While I was away in Georgia, and not watching the news, Hurricane Dolly blew up out of the Gulf of Mexico, going from depression to hurricane in just a few days. She made landfall as a category two hurricane but then began to degrade as quickly as she strengthened. God willing, south Texas and northern Mexico will be spared too much damage, though it is awful early to be making estimates.
Hopefully, the moisture will move north into Texas' drought stricken hinterlands and bring some much needed rain, but we're probably looking at a lot of flooding and runoff rather than the kind of rain the area needs.
And again with the levees? With breaks now having made the news in Louisiana, California, the Midwest and the attention they have gotten in south Texas at the Rio Grande, can we have a serious debate on this nation's water-control infrastructure?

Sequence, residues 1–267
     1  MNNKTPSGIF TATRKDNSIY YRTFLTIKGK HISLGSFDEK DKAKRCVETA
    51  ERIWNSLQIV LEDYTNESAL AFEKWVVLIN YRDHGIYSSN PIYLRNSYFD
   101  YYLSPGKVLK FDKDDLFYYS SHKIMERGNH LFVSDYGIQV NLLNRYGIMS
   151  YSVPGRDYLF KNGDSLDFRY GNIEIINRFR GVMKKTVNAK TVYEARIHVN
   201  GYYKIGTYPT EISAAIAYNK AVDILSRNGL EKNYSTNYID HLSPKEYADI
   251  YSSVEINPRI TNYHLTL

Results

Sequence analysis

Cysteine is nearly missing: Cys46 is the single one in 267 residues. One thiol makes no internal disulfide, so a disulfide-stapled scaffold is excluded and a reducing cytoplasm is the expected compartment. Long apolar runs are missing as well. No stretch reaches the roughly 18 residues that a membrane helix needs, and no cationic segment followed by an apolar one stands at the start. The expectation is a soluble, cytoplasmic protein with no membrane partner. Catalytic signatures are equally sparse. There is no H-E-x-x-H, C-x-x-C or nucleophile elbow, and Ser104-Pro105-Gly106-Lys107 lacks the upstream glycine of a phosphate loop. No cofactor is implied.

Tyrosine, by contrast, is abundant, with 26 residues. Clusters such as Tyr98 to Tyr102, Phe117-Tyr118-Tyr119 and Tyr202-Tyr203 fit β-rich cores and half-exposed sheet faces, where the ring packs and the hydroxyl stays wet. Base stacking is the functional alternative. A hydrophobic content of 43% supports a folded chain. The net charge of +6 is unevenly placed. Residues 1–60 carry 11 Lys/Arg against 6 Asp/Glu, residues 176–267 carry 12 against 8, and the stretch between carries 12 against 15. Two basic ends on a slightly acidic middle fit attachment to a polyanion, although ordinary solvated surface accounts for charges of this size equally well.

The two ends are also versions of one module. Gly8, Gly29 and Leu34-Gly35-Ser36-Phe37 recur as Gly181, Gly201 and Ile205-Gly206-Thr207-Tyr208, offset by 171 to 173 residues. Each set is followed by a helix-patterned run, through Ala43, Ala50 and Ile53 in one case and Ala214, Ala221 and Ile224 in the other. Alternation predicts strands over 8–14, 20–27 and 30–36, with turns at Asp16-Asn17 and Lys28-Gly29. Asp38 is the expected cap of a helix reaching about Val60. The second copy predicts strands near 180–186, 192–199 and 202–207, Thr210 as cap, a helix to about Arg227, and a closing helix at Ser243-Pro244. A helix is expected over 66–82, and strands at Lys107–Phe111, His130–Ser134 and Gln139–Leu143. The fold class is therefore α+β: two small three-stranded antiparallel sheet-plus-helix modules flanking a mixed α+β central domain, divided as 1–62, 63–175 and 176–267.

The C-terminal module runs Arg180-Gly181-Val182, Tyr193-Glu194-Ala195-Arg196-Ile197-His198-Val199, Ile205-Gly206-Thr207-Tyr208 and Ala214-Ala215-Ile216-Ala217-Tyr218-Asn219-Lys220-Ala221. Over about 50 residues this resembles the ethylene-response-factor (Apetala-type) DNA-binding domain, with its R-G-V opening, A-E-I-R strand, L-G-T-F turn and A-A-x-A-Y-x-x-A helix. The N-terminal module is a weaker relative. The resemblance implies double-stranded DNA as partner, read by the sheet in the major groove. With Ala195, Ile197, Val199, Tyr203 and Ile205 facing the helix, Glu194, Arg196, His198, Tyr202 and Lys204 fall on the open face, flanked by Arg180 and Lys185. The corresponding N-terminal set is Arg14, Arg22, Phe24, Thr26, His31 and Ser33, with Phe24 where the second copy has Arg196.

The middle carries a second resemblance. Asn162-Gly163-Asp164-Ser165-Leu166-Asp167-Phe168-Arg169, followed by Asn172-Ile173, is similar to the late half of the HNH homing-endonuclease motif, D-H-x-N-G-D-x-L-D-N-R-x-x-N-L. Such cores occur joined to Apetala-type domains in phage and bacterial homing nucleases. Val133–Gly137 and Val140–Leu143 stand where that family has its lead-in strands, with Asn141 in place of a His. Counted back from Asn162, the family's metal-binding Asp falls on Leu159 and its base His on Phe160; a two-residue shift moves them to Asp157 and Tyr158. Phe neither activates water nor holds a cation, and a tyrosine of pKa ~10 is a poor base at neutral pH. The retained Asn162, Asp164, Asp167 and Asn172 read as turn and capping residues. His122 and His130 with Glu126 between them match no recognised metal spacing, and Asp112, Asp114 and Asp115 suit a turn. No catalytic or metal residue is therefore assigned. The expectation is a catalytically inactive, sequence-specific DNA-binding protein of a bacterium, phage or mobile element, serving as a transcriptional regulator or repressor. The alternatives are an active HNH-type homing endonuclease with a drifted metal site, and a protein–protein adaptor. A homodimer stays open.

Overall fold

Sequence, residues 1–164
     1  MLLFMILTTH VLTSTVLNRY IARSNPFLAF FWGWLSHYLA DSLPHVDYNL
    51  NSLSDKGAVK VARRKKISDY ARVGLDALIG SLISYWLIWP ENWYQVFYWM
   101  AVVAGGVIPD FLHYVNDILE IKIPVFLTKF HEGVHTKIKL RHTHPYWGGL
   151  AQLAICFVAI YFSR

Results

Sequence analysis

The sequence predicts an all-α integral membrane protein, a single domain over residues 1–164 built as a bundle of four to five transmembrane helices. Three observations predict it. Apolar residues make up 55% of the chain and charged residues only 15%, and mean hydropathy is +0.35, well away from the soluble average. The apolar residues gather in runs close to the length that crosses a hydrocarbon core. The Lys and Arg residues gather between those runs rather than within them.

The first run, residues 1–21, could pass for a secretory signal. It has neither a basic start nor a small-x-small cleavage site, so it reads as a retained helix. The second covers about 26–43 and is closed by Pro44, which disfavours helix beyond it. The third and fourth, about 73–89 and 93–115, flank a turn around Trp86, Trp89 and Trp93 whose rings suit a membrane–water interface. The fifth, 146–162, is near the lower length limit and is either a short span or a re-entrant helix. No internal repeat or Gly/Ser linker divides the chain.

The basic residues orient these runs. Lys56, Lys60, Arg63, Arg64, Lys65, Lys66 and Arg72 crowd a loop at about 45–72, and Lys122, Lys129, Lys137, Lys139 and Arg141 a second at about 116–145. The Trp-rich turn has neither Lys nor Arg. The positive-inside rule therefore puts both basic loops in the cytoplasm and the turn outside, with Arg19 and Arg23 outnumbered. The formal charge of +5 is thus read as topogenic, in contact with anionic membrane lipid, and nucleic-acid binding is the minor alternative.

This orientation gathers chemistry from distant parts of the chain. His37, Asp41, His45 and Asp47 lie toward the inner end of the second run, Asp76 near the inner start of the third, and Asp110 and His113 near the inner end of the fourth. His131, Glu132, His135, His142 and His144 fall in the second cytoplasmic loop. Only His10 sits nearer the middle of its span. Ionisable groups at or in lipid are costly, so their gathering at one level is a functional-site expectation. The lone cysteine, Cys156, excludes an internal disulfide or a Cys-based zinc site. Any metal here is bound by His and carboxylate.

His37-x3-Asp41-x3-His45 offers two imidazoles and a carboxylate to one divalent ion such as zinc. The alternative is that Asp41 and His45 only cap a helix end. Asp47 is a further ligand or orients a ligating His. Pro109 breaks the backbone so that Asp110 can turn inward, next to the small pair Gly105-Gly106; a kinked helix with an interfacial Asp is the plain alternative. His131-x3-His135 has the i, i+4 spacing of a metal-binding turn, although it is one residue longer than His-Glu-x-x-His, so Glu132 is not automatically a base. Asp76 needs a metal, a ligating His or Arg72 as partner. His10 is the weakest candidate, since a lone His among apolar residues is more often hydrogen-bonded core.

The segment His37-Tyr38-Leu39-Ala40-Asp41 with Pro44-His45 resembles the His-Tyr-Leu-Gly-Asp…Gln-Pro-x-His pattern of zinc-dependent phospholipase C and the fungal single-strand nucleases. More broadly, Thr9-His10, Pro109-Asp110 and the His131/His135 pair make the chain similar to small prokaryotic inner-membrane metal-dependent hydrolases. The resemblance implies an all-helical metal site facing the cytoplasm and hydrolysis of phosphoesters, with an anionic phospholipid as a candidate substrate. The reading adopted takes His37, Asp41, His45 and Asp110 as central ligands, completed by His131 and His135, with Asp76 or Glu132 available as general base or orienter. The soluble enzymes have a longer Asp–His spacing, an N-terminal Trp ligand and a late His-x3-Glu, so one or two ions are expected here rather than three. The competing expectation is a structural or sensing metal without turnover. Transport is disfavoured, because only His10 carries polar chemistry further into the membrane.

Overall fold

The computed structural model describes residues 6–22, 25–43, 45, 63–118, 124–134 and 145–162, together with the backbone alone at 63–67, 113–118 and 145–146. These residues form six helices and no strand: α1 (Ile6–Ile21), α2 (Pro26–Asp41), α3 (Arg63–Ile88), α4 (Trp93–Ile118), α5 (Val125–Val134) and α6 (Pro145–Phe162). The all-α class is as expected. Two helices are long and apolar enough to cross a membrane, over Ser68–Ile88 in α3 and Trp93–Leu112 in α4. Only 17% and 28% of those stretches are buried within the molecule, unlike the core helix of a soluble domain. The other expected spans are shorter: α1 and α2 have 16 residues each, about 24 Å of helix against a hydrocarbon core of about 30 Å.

Furthermore, a new report, while focusing on areas affected by Katrina and the Louisiana levee breaks, examines who does NOT want to evacuate in the face of a hurricane. Numbers apparently hover around 27% of the population 'refusing to evacuate' between 0 and 20 miles of the coast in the Southern states.
I personally think that number is rather low, but I reckon it depends on a case-by-case basis.